Zero Impact Environmental Alternatives

Thursday, March 16, 2006

Recycling with a bicycle trailer

For the last few years I have been trying to build a bicycle trailer out of free junk that other people were giving away (see http://www.geocities.com/distancedude/trailer). It didn't work out too well so I started watching the Craigslist free listings for a bike trailer, and I found one: a Little Tikes kid-transport trailer with a good frame and components but the fabric was ripped and fading and the zippers were broken.

It was time to take the soda cans at my house to the recycling so I decided to use the trailer. With broken zippers and no front wall, anything placed in the trailer is bound to fall out. I ended up using the seat belts to secure my serveral bags of cans, and I put a seat belt through a roll of duct tape, just incase. With my old trailer, I would have needed that duct tape (and probably some new wood and tools) within the first few blocks. The Little tykes trailer handled great. The only times I even noticed its presence were when I pulled up onto the sidewalk to push the pedestrian crossing button, and when I got up to high speeds (increased air resistance).

With a trailer you have to avoid backing up, which is tricky because without proper technique you will make the trailer jacknife (swing out beside you instead of behind you). I find that it works best to swivel left and right as I back up.

Unlike my home-built trailer, which has 27-inch wheels, the Little Tikes trailer has wheels less than 12", so the center of gravity is very low. I was able to take right turns and driveway entrances at about 12mph with no problems. I'm sure I could take corners even harder, I just don't want to take it too far and let the trailer flip or go skidding- this would be a very dangerous situation if there were cars on the road. At high speeds the trailer acts as a parachute, making even a simple errand a great workout.

Pedal power- easier than I thought

I got a 19V permanent magnet DC motor off eBay as a freebie with a $17 purchase of two smaller motors. I decided to hook it up to my exercise bike and use it as a generator to power some small lights.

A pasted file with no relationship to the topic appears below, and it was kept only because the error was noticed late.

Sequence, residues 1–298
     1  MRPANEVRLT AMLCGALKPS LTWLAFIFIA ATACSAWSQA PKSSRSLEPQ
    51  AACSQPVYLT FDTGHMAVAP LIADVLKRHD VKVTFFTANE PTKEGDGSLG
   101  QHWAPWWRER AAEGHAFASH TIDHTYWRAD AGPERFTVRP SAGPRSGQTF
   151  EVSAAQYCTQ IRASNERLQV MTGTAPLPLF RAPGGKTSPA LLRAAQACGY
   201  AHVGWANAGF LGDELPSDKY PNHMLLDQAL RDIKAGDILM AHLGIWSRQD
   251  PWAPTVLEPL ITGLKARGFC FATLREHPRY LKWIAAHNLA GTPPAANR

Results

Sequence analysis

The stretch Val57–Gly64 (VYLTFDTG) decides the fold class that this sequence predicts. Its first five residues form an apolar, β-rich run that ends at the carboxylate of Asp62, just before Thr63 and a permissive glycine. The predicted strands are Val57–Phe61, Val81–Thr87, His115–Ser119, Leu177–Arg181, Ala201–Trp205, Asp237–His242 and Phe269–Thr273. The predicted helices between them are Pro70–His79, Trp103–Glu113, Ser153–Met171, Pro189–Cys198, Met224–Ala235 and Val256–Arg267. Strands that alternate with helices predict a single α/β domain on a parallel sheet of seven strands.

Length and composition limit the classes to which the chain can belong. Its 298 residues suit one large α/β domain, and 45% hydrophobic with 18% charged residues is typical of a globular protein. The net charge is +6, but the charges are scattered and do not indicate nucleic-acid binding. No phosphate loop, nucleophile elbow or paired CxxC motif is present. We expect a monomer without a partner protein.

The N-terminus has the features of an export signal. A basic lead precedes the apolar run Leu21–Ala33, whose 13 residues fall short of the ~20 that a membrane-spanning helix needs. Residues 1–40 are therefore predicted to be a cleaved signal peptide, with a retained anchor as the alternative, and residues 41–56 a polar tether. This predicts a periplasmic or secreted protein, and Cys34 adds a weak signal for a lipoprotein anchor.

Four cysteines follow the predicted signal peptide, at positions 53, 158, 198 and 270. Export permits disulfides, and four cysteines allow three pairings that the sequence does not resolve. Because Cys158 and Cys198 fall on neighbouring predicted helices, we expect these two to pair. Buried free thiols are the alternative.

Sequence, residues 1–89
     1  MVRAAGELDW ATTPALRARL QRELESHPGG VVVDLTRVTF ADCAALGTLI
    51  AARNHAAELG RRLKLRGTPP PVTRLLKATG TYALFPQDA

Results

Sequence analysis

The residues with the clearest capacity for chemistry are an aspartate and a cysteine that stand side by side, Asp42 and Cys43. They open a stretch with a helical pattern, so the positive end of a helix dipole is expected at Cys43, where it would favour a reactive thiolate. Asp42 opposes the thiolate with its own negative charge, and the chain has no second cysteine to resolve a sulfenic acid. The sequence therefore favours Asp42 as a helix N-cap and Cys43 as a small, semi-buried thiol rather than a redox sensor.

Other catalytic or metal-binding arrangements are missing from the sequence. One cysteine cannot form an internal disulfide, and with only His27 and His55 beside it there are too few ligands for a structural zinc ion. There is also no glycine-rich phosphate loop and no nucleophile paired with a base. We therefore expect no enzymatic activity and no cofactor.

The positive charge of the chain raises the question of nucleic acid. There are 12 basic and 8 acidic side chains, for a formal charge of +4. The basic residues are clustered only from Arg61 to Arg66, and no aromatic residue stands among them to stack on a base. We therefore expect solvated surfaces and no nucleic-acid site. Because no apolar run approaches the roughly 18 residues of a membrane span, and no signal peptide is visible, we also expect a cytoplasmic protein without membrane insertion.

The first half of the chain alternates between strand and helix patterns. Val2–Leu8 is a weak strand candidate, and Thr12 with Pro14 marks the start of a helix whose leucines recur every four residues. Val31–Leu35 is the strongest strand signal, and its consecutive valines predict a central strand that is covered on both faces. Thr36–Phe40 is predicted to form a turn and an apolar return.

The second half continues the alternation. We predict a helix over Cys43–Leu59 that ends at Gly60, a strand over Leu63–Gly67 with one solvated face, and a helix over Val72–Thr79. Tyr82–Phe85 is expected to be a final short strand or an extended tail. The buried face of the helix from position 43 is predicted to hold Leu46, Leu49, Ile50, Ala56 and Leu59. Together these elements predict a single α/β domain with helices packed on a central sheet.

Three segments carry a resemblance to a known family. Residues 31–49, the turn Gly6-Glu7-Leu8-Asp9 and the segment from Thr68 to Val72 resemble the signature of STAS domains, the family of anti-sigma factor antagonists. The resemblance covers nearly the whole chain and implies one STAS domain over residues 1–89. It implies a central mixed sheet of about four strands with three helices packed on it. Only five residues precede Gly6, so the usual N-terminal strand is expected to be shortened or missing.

I can power about 21 Christmas lights or a small radio with easy pedaling. I should be able to power any low-powered DC appliance, or anything that runs on AA or AAA batteries. I just don't want to try to power more sensitive electronics for fear of frying them with too much power.

If a permanent magnet DC motor is hooked up to a battery, electricity makes the shaft spin. Conversely, if you spin the shaft of a DC motor you generate electricity. Non-sensitive electric devices like Christmas lights and radios can be wired directly to the DC motor with no need for voltage regultors, batteries, diodes, or inverters. Just start spinning the motor to make electricity.

Hand-Crank Radio


For my senior project I am developing pedal-powered and hand-powered ways of generating electricity. I got some permanant magnet DC motors from eBay (2 for $16.99, offered by tsiudak). The seller messed up and sent me a more powerful motor (which I got to keep), so to make it up he sent me 7 of the motors I ordered, with some brackets to hold them down. Great seller!

If you hook up a permanant magnet DC motor to any DC load (Christmas lights are good, or anything battery-powered), and you spin the shaft of the motor, the motor acts as a generator so you don't need a power outlet or batteries.

I mounted a small 10V DC motor on a thick piece of wood, and mounted a small wheel from a cart vertically, then ran a rubber band from the outside of the wheel to the shaft. When I spin the wheel it is enough to power some Christmas lights or a small radio. It doesn't take much effort to power the radio (maybe one turn of the wheel every two seconds), but as soon as you stop the radio stops playing. It's nice knowing that if the power goes out and I can't find batteries I will always be able to power some small lights and or a radio.